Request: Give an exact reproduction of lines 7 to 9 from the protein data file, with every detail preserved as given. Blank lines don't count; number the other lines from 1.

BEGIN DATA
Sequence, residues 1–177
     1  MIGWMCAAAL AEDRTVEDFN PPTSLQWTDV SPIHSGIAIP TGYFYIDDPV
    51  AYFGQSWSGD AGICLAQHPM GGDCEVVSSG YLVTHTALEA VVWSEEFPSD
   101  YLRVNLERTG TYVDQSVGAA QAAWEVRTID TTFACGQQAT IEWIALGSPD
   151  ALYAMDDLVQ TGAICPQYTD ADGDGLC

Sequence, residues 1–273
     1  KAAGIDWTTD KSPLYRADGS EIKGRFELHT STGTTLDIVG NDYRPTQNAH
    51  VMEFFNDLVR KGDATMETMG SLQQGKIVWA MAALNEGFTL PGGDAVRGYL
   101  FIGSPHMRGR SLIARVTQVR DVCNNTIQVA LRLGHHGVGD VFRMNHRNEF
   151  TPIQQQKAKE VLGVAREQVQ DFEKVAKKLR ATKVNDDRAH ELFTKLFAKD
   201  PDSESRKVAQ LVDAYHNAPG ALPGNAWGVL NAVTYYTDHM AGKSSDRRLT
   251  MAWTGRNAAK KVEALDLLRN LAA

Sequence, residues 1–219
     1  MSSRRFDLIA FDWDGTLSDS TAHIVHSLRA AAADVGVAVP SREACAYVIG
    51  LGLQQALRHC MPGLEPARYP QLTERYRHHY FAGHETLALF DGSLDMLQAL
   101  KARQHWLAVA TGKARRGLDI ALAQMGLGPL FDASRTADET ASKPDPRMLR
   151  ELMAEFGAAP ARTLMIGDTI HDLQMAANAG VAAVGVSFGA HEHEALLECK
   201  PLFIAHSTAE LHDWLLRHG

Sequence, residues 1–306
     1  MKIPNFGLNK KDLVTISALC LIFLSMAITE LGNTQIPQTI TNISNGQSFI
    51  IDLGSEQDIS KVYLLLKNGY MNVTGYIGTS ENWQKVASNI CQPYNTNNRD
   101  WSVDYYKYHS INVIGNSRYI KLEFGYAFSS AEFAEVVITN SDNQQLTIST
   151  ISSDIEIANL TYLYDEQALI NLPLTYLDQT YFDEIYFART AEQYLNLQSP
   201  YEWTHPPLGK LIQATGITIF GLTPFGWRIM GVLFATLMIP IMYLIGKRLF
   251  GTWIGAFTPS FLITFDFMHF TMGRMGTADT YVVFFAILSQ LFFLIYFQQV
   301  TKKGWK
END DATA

     1  KAAGIDWTTD KSPLYRADGS EIKGRFELHT STGTTLDIVG NDYRPTQNAH
    51  VMEFFNDLVR KGDATMETMG SLQQGKIVWA MAALNEGFTL PGGDAVRGYL
   101  FIGSPHMRGR SLIARVTQVR DVCNNTIQVA LRLGHHGVGD VFRMNHRNEF